When the fleets of little fishing boats were
large here on the west coast wed occasionally see a boat
with the windows knocked out. Occasionally is to strong
a word; rather, once in a great while wed hear of it. Thinking
back, you know I only remember one. The use of the We
is not meant as an Imperial We like the way the English
Queen uses the word, but rather, to cover everybody around, not
The thing is, while we all fear and try to prepare ourselves for terrible weather it rarely happens outside of definite seasons. It does appear that as the planet slowly warms up, these seasons are extending and the severity of storms is increasing. But we cant say that for sure because ocean weather and seasons have only been tracked since the early 1800s, when an American Lieutenant had the idea that ships everywhere should record the weather conditions where they were every day. This info was forwarded to Washington. Later, when wireless communication was invented, this info was radioed in daily and by the 1960s, the pilot charts with their season weather averages were pretty good to rely on. I think they still are, but being no hero I would extend the averages out and try to be well on my way long before the average time of weather change.
That is the way the cautious cruiser should think, and when he/she/it (which shall from now on be abbreviated to the word he alone with no sexual or political undertones at all) does, he can cruise the planet and the odds are hell never experience seriously bad weather. This is different than commercial boats which frequently venture out when they really shouldnt, or push on when they should heave-to. Back when I was a kid and the salmon fleet was huge, even then the rare boats that were lost usually bought it when coming in across the bar. The sea wasnt their enemy; the land got em.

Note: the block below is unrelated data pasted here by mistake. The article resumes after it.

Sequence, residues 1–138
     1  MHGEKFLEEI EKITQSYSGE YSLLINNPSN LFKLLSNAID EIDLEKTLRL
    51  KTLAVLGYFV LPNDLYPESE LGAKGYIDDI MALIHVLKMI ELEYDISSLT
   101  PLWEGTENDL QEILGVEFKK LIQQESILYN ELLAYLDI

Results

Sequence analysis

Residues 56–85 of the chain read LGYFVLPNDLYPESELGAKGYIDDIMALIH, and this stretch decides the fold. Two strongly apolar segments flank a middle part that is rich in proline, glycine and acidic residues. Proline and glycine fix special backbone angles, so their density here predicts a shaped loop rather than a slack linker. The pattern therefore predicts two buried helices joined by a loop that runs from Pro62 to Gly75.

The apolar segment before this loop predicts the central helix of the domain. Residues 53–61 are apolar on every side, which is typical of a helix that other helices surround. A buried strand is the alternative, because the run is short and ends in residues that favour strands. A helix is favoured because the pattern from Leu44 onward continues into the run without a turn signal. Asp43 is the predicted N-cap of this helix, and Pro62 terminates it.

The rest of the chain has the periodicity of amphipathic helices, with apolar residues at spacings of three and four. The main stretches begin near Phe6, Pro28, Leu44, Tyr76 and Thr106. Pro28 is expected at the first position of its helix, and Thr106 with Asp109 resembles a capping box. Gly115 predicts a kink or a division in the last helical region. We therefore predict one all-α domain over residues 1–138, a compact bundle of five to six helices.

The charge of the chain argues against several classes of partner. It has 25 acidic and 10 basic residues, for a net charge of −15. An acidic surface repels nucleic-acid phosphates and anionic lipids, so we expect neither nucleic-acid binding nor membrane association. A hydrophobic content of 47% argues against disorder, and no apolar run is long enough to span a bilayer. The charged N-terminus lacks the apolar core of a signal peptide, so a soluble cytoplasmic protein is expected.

Anyway, just the same if you worry about everything and try to prepare for whatever paranoia you suffer from, should it actually happen maybe youll get through it. Remember; just because youre paranoid doesnt mean they aint out to get ya....
To me, the seagoin boats pilot house should be small and is not part of the main cabin. The cruising powerboats shown elsewhere on this site demonstrate what Im talking about.
If I was building one of them I would make provision to install sailboat type drop boards in the passageway down to the fore & aft cabins. These arent water tight but they really slow down the flow. Lets imagine the highly unlikely situation where the boat is knocked down, looses its house windows, and stays over for a few minutes. Or is pitchpoled and rolled. This stuff is highly unlikely but..... The wheel house would fill with water and in the average boat, the water would rush down the companionway into the main and aft cabin, and youd sink. The drop boards give us time.
Then, Id install four 1 1/2 or 2 cockpit drains in the wheelhouse floor, one near each corner. These would be piped with radiator hose down to through-hulls located at least a foot above the waterline. I wouldnt want to even think about any problem should a thru-hull fail, as unlikely as that would be.
These two simple and inexpensive items will likely never be called upon, but installing them will give real peace of mind because youll know that if things get scary you can insert the drop boards and youll have a pretty good defense if or rather WHEN Goddess decides to take a swipe at you. I doubt youll ever need them in normal cruising but they cant hurt to have!